Typically, English spellings of German loanwords suppress any umlauts (the superscript, double-dot diacritic in Ä, Ö, Ü, ä, ö and ü) of the original word or replace the umlaut letters with Ae, Oe, Ue, ae, oe, ue, respectively (as is done commonly in German speaking countries when the umlaut is not available; the origin of the umlaut was a superscript E).German words have been incorporated into English usage for many reasons: As languages, English and German descend from the common ancestor language West Germanic and further back to Proto-Germanic; because of this, some English words are essentially identical to their German lexical counterparts, either in spelling (Hand, Sand, Finger) or pronunciation ("fish" = Fisch, "mouse" = Maus), or both (Arm, Ring); these are excluded from this list.It is distinguished from a calque, or loan translation, where a meaning or idiom from another language is translated into existing words or roots of the host language.Some of the expressions are relatively common (e.g. In many cases the loanword has assumed a meaning substantially different from its German forebear.Only in Germany would such an everyday object have so many syllables.It’s like they just have so much time to spend speaking, why rush? In English we generally go by one title such as “Mister” or “Doctor” or “Captain”.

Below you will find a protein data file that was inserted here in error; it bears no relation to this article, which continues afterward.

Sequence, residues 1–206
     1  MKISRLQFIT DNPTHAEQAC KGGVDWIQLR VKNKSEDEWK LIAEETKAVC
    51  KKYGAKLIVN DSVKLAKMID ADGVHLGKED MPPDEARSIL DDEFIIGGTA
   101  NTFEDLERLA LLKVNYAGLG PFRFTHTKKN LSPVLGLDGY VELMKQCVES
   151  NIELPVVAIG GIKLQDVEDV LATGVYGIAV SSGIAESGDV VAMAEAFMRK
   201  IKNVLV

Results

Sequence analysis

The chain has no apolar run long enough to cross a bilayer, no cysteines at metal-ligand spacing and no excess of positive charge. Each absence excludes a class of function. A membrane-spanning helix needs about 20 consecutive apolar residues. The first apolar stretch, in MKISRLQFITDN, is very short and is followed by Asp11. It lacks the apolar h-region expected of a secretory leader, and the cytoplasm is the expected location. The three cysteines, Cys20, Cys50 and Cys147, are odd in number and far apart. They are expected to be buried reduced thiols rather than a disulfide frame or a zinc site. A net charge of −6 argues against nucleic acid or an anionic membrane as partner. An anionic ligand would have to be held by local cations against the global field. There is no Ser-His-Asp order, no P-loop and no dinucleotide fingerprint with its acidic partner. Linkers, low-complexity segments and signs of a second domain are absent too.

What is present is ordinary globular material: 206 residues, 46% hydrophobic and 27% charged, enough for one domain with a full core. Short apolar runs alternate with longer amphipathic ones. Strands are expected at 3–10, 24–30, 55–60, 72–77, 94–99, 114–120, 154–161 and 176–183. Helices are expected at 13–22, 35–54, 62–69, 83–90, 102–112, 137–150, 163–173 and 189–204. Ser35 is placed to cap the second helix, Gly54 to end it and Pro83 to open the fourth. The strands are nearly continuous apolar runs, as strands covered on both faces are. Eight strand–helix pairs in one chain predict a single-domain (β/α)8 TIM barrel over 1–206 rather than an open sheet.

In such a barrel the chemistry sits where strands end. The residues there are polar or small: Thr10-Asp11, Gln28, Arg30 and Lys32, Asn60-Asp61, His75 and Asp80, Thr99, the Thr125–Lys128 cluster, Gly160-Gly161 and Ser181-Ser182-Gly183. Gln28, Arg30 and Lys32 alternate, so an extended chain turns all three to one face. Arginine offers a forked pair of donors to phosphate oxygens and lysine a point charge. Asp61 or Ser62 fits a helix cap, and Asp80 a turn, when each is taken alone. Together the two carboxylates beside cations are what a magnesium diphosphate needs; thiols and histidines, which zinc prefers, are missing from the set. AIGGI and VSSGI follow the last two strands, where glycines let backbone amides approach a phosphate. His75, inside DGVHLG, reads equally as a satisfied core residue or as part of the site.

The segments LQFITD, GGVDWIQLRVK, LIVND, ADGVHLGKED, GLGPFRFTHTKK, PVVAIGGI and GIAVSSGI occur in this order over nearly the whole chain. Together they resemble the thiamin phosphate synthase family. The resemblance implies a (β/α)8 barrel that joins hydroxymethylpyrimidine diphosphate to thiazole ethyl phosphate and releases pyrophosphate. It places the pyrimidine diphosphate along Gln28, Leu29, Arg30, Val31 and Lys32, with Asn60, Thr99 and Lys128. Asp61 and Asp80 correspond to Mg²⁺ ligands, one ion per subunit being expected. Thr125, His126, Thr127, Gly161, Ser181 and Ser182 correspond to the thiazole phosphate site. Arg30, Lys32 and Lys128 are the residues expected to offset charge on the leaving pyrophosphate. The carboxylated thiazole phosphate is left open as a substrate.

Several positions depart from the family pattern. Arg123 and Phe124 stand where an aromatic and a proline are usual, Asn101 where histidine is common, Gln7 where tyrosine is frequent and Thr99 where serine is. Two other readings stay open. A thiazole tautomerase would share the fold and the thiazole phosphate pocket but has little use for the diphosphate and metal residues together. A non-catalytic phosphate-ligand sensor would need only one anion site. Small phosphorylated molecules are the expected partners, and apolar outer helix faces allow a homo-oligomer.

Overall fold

Knowing idioms and important phrases will set you apart from the crowd of other language learners, and you’ll stand out as someone who has clearly worked to delve deeper into the language and discover its idiosyncrasies. Here are a few examples of when you’ll find yourself in make-or-break situations thanks to these common German phrases: 1. Shouting the wrong phrase for “excuse me” on a crowded subway car will immediately mark you as a tourist or a foreigner.Since everyday phrases are so commonly used, learning them will immediately increase your German know-how and make daily life that much easier. Idioms can be difficult to understand if you don’t already know them.As stated above, idioms often make no sense when translated directly into another language.About how I’m everything that’s wrong with America, how I’m ignorant and narrow-minded, and how I clearly don’t travel enough, because if I did, I would be able to appreciate the beauty of other languages, instead of laughing at funny-sounding words like a moron. German words are inadvertently really, really funny. And believe me, I realize that there are just as many English words and “Americanisms” that sound ridiculous to native speakers of other languages, too. Just like ————— Haarschmuckfachgeschäft What it really means: Haarschmuck is ornaments for your hair (makes sense, when you see the above definition of schmuck). So Haarschmuckfachgeschäft is a specialty shop that sells hair ornaments. And I wouldn’t blame anyone for laughing at those either. Please consider this the next time you can’t find a babysitter and really want to see a low-budget action flick. He or she may even grow up to be an unemployed travel blogger!There was only one part of the movie that I had trouble with: it’s when Mr.It wasn’t until my brother very gently leaned over to me and delicately whispered something in my ear that I was able to regain some composure. Which is probably why I find Germany – and German words – so damn hilarious. I realize I’m going to get a whole heap of mail about this. Not only is it the least romantic language of them all (“I love you” in German sounds more like “I will hit you with shovel”) but it sounds great in a deep voice (think Rammstein) and almost everything sounds vaguely sexual (think Rammstein), particularly if you say it with a slight smile.It is the only language to capitalise every noun, which not only wears out Shift keys faster but is deliciously ironic given German people’s reputation for efficiency.